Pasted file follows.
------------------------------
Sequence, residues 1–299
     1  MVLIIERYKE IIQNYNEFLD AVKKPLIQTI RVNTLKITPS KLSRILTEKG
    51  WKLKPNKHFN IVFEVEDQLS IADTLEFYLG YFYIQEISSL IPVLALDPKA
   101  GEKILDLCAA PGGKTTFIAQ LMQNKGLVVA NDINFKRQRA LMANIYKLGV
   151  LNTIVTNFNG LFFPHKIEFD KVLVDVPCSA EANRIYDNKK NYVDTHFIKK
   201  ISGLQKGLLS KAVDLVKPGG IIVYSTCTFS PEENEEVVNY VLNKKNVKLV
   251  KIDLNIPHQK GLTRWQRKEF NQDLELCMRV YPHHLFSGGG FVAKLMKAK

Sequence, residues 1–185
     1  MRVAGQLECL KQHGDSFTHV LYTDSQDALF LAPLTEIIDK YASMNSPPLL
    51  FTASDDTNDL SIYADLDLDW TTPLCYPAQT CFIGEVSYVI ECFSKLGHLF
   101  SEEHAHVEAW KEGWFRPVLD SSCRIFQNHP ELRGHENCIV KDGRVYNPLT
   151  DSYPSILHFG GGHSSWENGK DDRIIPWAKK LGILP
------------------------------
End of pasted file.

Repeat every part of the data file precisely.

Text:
Sequence, residues 1–299
     1  MVLIIERYKE IIQNYNEFLD AVKKPLIQTI RVNTLKITPS KLSRILTEKG
    51  WKLKPNKHFN IVFEVEDQLS IADTLEFYLG YFYIQEISSL IPVLALDPKA
   101  GEKILDLCAA PGGKTTFIAQ LMQNKGLVVA NDINFKRQRA LMANIYKLGV
   151  LNTIVTNFNG LFFPHKIEFD KVLVDVPCSA EANRIYDNKK NYVDTHFIKK
   201  ISGLQKGLLS KAVDLVKPGG IIVYSTCTFS PEENEEVVNY VLNKKNVKLV
   251  KIDLNIPHQK GLTRWQRKEF NQDLELCMRV YPHHLFSGGG FVAKLMKAK

Sequence, residues 1–185
     1  MRVAGQLECL KQHGDSFTHV LYTDSQDALF LAPLTEIIDK YASMNSPPLL
    51  FTASDDTNDL SIYADLDLDW TTPLCYPAQT CFIGEVSYVI ECFSKLGHLF
   101  SEEHAHVEAW KEGWFRPVLD SSCRIFQNHP ELRGHENCIV KDGRVYNPLT
   151  DSYPSILHFG GGHSSWENGK DDRIIPWAKK LGILP